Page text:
The sight of a human and dog walking harmoniously down the sidewalk, leash loose as if entirely unnecessary, sparks envy in many dog owners who dare to dream of such behavior from their own pets. What this perfect picture does not show, however, is the amount of time, effort, and training that went into teaching the animal how to comfortably walk on leash. Although it is not a natural occurrence for a dog to walk on leash, it is required in many cities, as well as veterinarian offices, and the sooner you begin leash training your dog, the sooner you and your dog will be that perfect picture!

Ideally, the time to begin leash training is around eight weeks of age. At this point, your puppy is mature enough to learn basic commands, like come or let’s go. If your dog is past this age, do not worry. Even an older dog can be taught to walk on leash, but it may take a bit more effort on your part as his bad ‘on leash’ behavior may be quite engrained. To prepare your animal for the leash, first get him used to wearing a collar. Put the collar on for short periods of time at first, and try to distract your dog from biting or trying to remove it. Do not remove the collar when he is actively fighting it; only remove the collar when he is calm and tolerant. Once he is used to the collar, add the leash. Allow him to eat or play (supervised by you) with the leash on so that he can associate it with fun activities. A six foot nylon, non-extendable leash works best.

Using Dog Treats When Training

The key to beginning leash training is getting your dog to come to you when called. Using treats is perfectly acceptable, but be sure to praise as well. You can even begin in your own backyard; have your dog wear collar and leash, and let him walk freely through the yard. Call him to come close to you, and when he does, give him a treat. Hang onto another treat, show it to him, and have him follow you for a short distance. After a minute, give him the treat. You should be able to gradually increase the amount of time the pup follows you, and he learns that following you and paying attention equals treats and praise.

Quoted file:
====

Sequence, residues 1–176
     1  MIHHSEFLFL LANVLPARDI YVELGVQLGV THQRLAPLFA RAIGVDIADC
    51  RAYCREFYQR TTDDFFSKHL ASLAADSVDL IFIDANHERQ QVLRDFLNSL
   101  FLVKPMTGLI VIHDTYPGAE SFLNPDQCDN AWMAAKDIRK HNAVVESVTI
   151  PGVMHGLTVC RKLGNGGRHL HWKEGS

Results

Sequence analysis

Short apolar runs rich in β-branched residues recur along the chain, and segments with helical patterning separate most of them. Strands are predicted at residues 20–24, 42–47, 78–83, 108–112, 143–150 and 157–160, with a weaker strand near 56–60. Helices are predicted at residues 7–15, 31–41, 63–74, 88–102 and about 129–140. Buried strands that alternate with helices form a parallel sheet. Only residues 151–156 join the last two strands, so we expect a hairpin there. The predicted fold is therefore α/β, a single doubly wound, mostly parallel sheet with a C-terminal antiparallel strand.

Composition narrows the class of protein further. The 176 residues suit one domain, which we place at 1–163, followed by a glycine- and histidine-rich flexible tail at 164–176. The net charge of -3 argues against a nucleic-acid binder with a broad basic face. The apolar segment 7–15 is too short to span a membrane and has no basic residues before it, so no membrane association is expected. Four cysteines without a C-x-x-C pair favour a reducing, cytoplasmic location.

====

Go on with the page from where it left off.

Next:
When you are ready to take your dog or puppy out of the backyard, arm yourself with motivation (food). The first few walks should be short, and remember that until your dog learns to walk without pulling, each and every walk is a training session. Begin walking, and give the command of ‘walk,’ or ‘let’s go.’ If your dog follows, say ‘good walk,’ if he freezes and refuses to move, drop a few treats in front of him, leash loose, and wait. Never pull or drag your dog, as this may frighten him even more. You can also try to encourage forward movement by touching the dog’s hindquarters, or turn your back to the dog and wait for him to become bored of sitting there. If, on the other hand, your dog runs to the end of the leash and pulls, stop moving. Do not pull back. As soon as the pup realizes that pulling did not work because you are no longer moving forward, get his attention, and motivate him to follow you in another direction. You are much more likely to keep a puppy’s attention by making a game out of following you, and you will have more fun too!

For an older dog that pulls, stopping alone may not work. Remember that the goal is to walk with the leash loose at all times, so you must be very careful not to allow the dog to experience tension from the leash. Arm position is very important; your arm should be relaxed, slightly bent, with your elbow in toward your body. An outstretched arm offers less control. The instant that the leash becomes taught from your dog pulling, straighten your arm to create slack in the leash, and take a step in a different direction. The dog may feel a tug at the leash, but he will recognize that you made a change in direction that he missed. This will encourage your dog to pay careful attention to your body language, and rely less on cues from the leash.

Leash training your dog can be extremely rewarding, and is essential for a safe, well-exercised pet. Your dog will enjoy trips out of the yard, and you will enjoy the ease with which your pet walks along side of you. You may even become the envy of your neighbors as you and your dog take pleasant strolls throughout the neighborhood.

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